When You Love Someone, You Make Them An Antelope Mask

My friend Natalie and I have been through thick and thin together. She has been my voice of reason when I couldn't think clearly for myself. She literally saved my life once, I am certain.  She is the friend who reminds me to let loose and have fun, especially now that I am a Mom. So many private jokes, so many battle stories, so many good times.
Source: lotusmasks.com
We met over a decade ago when she and I were educators at the Glenbow Museum. We delivered programs to school kids using the various art pieces and cultural artifacts in the museum's vast and wild collection. One particular program for kindergarteners took place in the West African gallery and required us to tell the fable of the antelope, explaining how in West African culture masks are used to help tell stories. We'd have to wear the painted wood antelope mask and jump around, make braying sounds, clip, clop...you get the picture. A the end of every shift, the antelope would return to its storage shelf near our offices so the next educator on duty could find it for their next program.

Source: imgarcade.com

A colleague of ours never, ever remembered to return the mask and so it often spent its night on the gallery floor, probably becoming alive like Night at the Museum. (Which for the record is a movie that is nothing at all like what it is like to work at a museum. For the truth on that, you should probably go here.) Nat and I got sick of this guy's laziness and so one day, we bombarded his desk with passive-aggressive post-it notes. On each one were a cartoon of the antelope crying and shaking in fear for being left alone in the gallery all night long. Needless to say, he remembered to put it away after that and the antelope masks became a little symbol for us of our early days in museums and education.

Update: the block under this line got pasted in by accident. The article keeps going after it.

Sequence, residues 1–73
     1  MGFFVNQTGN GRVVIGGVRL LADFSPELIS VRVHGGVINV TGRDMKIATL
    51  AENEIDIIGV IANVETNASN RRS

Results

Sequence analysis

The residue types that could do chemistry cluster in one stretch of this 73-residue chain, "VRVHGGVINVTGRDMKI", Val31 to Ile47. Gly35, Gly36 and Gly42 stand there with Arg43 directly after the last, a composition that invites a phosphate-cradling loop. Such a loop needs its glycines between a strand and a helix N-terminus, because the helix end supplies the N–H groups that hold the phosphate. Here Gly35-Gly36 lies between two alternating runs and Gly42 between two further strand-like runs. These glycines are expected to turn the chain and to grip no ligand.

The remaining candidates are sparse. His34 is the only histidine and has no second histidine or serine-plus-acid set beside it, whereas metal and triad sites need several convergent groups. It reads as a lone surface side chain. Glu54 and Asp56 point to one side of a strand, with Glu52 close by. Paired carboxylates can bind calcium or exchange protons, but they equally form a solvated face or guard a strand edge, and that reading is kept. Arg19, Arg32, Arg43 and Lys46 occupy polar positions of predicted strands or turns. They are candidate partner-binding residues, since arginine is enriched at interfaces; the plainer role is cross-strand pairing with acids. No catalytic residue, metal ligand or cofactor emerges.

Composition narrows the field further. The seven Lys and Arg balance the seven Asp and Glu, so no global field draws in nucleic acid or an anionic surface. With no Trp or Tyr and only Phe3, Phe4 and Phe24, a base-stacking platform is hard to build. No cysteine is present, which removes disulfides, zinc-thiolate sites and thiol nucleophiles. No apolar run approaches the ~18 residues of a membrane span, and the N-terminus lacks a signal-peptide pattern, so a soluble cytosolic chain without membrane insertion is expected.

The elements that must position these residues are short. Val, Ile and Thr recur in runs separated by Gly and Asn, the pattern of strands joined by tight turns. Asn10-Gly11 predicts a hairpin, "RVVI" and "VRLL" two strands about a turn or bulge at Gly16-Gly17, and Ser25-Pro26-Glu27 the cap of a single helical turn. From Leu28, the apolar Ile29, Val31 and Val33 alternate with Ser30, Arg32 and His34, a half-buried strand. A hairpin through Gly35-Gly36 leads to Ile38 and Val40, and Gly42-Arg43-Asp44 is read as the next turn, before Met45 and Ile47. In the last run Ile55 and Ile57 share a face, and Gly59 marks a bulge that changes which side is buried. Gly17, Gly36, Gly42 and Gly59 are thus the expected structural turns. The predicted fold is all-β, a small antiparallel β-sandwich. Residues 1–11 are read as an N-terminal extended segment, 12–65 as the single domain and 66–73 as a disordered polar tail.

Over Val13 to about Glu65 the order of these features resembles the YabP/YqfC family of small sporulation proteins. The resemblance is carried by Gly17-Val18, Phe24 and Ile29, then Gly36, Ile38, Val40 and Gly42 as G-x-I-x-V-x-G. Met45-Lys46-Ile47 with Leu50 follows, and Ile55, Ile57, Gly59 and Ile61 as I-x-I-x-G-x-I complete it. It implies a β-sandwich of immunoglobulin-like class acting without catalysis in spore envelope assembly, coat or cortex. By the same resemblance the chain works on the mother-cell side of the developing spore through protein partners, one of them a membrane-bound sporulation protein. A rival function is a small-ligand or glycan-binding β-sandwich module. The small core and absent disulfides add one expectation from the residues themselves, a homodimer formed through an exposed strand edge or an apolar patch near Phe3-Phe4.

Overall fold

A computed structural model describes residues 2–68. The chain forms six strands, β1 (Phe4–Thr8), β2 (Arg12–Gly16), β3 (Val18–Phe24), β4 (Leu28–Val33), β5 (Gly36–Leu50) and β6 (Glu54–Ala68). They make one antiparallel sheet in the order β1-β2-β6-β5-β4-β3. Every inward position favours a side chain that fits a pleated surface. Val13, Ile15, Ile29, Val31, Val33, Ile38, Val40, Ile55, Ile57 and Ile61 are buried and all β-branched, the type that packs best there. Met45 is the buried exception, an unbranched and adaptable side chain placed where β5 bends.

We've both moved onto to different things in our careers, but our friendship has stayed the course. We were lucky enough to work together as consultants for a travelling art program and, most recently heading up the education team at the National Music Centre. Natalie just accepted an incredible job as the Director of Education and Outreach for the Scottsdale Cultural Council, moving back home to the United States. I gave her a great reference and then cried because I knew she'd get the job and I would have to say goodbye. I will so miss having her nearby to do random errands with, make arts and crafts with and to drink gin with, to listen to old-skool hip hop with, to troll thrift stores and to watch the Young and the Restless.

So what do you do when you love someone? You make them a papier-mâché West-African inspired antelope mask...

Cereal box top makes a good plinth. Classic balloon armature with rolled paper horns and cardboard ears.
Tape. A lot of tape.
Detail shot: wrapped string for texture and egg carton eyes. Very pro technique.
Mâché the shit out of that antelope.

Once dry, paint white with gesso
Seek out some pattern inspiration: Pinterest
Ready for her new office...

Vintage, Mid Century Inspired Nursery

It all started at a neighbourhood store when I spotted the lions and tigers crib set by Pixel Organics  and thought to myself "if I ever have a baby..." Fast forward ten years and I have never forgotten that gorgeous pattern. I took a chance on a google search for "lion and tiger crib set" which suprisingly led me to it– only to find the manufacturer is defunct. A Kijiji ad appeared and I took a chance. Turns out a lovely woman in Toronto had bought the crib set and never used it and she shipped it to me! And so the nursery began.

The bedding came with a bumper and a bedskirt, two things I knew I would never use and so I pulled them apart, re-purposing the fabric to make curtains, change table covers and fitted sheets. Surprisingly easy to do if you have basic sewing skills and way less expensive then buying them at the store. The nursery is a cozy, little room with a few awkward nooks and crannies that we made the best of with shelving and a mid century modern dresser as a change table. The stuffed animals, for the most part, were mine as a child. I had a 1920's alphabet book that I took apart and framed.  I was blessed by my girlfriends who threw me a baby shower where everyone brought a children's book and I love seeing them on display. My colleagues pitched in and bought our beautiful standing giraffe who will guard the baby as it sleeps. Friends have gifted us some beautiful and thoughtful things including vintage Paddington bear prints and a mid-century modern Scandinavian growth chart. A homemade quilt from my sister-in-law is waiting for us to snuggle up on the chair and read together all winter long.